The week of July 16 is being celebrated as National Pollinators Week in an effort to bring more awareness to the integral role that pollinators such as bees, birds, and the other flying creatures play in the life cycles of an estimated 75 percent of the world’s crop varieties and 35 percent of total crop production.
The occasion is also a time to reflect on the current understanding of colony collapse disorder (CCD), the phenomenon causing a spike in die-offs of honey bee populations around the world over the past decade.
One of the biggest developments in CCD research from the past year has been a study from the Harvard School of Public Health on the effects of neonicotinoid pesticides on bee populations. The study found that, while non-lethal doses of these pesticides would not seem to harm the bees during spring and summer, they had dramatic effects on the bees during winter.
Six out of 12 pesticide-treated bee colonies in the study abandoned their hives after winter and died off, while only one out of six of the non-pesticide colonies died off — and that was from a different disease that killed the bees inside their hive. One of the trademarks of CCD is a low number of dead bees left behind, with most abandoning the hive to die elsewhere.
While research is still being done to clearly define the cause of CCD, at this point believed to be the cumulative effect of numerous stressors on bees, the Harvard study’s authors concluded that their experiment singled out neonicotinoid pesticides as the leading cause of the problem.
At the same time, neonicotinoids are facing more legal scrutiny on both sides of the Atlantic.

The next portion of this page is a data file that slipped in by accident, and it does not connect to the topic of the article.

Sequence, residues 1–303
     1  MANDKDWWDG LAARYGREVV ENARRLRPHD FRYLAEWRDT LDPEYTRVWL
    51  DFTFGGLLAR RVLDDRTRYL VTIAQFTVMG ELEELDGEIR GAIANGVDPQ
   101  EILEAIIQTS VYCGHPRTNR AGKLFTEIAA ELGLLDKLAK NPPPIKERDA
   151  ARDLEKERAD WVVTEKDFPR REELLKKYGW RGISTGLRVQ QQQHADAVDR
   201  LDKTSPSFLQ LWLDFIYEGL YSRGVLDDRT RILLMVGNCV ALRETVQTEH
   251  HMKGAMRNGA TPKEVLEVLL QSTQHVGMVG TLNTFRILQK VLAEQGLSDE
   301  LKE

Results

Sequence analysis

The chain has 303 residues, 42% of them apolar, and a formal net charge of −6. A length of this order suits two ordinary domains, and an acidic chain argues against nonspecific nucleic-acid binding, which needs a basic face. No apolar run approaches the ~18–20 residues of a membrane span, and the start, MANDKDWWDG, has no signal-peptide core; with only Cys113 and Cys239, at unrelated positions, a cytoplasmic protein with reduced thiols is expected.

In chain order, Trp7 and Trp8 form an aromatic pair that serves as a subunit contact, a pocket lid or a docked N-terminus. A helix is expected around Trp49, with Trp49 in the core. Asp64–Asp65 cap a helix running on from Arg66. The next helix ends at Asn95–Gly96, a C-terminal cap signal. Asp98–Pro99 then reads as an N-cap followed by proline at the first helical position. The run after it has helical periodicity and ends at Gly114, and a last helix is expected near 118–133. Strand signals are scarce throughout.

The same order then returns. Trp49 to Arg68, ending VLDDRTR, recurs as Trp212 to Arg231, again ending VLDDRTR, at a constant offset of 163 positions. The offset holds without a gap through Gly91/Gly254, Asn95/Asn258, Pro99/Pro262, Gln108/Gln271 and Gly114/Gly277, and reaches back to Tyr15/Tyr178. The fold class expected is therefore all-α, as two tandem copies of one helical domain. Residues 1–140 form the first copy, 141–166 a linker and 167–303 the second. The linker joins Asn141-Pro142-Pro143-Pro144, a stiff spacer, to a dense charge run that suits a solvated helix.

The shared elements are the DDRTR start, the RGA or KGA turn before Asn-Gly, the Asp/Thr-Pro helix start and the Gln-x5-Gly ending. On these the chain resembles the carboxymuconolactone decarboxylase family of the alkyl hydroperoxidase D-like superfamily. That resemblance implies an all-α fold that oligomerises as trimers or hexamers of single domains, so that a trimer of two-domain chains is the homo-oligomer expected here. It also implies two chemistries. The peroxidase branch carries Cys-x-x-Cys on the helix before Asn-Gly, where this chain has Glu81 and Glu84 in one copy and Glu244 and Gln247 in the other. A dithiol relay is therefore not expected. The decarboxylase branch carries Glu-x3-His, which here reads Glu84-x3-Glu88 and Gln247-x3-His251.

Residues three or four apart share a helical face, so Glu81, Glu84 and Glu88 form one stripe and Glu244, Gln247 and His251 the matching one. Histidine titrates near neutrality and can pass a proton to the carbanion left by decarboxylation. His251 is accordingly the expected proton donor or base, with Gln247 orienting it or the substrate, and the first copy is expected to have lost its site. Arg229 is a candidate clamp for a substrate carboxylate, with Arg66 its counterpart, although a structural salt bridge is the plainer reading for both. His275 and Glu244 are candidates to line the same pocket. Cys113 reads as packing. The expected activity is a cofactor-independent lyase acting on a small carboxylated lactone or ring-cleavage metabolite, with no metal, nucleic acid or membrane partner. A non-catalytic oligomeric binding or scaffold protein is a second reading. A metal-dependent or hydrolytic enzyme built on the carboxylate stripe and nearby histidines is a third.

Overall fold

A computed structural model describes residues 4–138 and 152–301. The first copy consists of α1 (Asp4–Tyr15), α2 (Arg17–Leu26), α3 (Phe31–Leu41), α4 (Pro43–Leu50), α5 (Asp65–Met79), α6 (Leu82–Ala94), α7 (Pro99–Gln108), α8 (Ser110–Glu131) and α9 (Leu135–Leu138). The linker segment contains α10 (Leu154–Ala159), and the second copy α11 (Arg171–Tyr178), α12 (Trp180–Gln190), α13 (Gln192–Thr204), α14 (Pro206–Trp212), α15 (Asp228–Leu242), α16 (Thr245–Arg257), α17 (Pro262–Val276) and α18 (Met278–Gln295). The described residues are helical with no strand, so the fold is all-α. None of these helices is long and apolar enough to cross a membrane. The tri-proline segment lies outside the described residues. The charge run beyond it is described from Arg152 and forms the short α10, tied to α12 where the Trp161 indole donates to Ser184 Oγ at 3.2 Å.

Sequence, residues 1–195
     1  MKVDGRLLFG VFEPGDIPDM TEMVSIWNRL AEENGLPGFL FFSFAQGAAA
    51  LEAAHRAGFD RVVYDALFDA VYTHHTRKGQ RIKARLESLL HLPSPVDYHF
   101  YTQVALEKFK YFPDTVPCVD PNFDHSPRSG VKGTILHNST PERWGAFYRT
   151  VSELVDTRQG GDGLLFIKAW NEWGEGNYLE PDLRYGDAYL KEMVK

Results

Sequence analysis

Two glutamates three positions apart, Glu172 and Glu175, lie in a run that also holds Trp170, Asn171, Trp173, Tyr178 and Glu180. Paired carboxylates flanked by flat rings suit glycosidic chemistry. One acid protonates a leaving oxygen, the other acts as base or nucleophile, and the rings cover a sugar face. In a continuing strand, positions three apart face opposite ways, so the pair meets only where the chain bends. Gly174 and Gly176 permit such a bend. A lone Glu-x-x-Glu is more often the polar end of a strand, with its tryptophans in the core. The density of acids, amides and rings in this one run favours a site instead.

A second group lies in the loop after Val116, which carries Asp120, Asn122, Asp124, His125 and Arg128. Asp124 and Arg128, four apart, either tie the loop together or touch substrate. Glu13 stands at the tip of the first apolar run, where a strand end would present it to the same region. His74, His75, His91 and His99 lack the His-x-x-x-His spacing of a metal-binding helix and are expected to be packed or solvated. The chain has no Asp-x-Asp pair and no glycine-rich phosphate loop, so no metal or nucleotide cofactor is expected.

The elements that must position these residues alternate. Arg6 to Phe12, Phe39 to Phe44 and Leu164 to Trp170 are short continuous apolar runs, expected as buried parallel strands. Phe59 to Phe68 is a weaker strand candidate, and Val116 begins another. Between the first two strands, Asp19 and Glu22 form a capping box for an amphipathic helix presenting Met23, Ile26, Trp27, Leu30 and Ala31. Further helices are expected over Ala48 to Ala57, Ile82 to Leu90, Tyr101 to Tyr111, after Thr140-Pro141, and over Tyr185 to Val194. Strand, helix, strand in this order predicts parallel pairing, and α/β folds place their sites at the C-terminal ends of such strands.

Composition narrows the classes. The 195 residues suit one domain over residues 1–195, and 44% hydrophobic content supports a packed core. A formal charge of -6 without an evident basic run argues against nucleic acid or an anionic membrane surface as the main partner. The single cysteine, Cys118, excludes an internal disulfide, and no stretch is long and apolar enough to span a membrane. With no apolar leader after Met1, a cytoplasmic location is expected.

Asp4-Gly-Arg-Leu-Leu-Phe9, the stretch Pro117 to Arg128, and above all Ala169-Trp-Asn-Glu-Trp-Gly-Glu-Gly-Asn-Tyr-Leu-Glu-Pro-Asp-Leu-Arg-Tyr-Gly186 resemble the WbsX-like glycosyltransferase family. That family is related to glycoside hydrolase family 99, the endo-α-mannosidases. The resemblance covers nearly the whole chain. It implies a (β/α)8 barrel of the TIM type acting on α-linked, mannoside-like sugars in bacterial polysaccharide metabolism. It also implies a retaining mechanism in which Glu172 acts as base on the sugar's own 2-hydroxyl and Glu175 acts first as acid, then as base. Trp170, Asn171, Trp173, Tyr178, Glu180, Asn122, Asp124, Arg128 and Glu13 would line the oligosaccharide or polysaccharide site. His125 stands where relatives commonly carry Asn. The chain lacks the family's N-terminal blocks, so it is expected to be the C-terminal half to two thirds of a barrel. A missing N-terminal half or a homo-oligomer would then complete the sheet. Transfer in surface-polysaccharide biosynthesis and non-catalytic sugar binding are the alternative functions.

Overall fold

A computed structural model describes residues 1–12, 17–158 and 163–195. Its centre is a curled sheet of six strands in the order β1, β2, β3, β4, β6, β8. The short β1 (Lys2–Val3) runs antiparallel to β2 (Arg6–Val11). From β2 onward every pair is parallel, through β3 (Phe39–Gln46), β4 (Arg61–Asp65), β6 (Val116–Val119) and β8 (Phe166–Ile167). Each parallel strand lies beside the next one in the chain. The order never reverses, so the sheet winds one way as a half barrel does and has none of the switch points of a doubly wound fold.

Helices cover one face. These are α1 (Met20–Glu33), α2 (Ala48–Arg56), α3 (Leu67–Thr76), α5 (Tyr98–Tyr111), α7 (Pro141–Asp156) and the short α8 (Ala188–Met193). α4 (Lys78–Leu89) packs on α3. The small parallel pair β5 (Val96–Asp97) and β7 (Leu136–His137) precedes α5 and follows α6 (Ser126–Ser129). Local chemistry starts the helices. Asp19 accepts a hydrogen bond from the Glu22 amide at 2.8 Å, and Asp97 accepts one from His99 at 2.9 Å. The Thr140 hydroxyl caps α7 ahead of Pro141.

Last August, the U.S. Environmental Protection Agency introduced mandatory labels on neonicotinoid pesticides that warn users to be wary of harming pollinators and advising them not to spray under certain conditions during which pollinators are most likely to be present.
In December 2013, a two-year ban on neonicotinoids went into effect in Europe in order to study how well European bee populations fare in the absence of the pesticides. The U.S. EPA will be keeping a close eye on how that ban plays out.
“Based on currently available data, the EPA’s scientific conclusions are similar to those expressed in the EFSA [European] report with regard to the potential for acute effects and uncertainty about chronic risk,” EPA stated. “However, the EFSA report does not address risk management, which, under U.S. federal law, is a key component of the EPA’s pesticide regulatory scheme.”
Chemical companies fought the European ban, saying that it placed an unfair blame on pesticides when evidence suggested a number of other factors, such as viruses and parasites, played into CCD.
Bee experts aren’t all ready to place the blame squarely on pesticides, either. As more research time focuses on CCD, more researchers are coming to the conclusion that it’s caused by a complex synergy of factors, said Dr. Gene Robinson, director of the Institute for Genomic Biology and the Swanlund Chair of Entomology at the University of Illinois.
“The simple fact of the matter is that no single factor can explain the occurrence, distribution and severity of colony collapse disorder,” Robinson said.
Researchers are increasingly designing studies that account for multiple stressors on bees — not a simple feat to achieve in a controlled study environment. Measuring one effect really well is difficult enough, Robinson noted.
At this point, Robinson said he viewed insecticides as receiving too much of the blame. He cautioned against focusing solely on chemicals when pathogens, parasites and environmental changes have shown to have a significant effect on CCD.
“Colony collapse disorder can be regarded as a warning sign for all of our interactions with the environment and the species that are important to us,” Robinson said. “There are a variety of different factors in different combinations that can all have serious effects.”
And, while conducting research is expensive and public attention may wane until the next dire news of massive die-offs emerges, Robinson said it’s incredibly important to continue understanding CCD and what it could mean for our environmental interactions on a bigger scale.
“Using honey bees as canaries in the coal mine, what does this say about other species?” he asked.© Food Safety News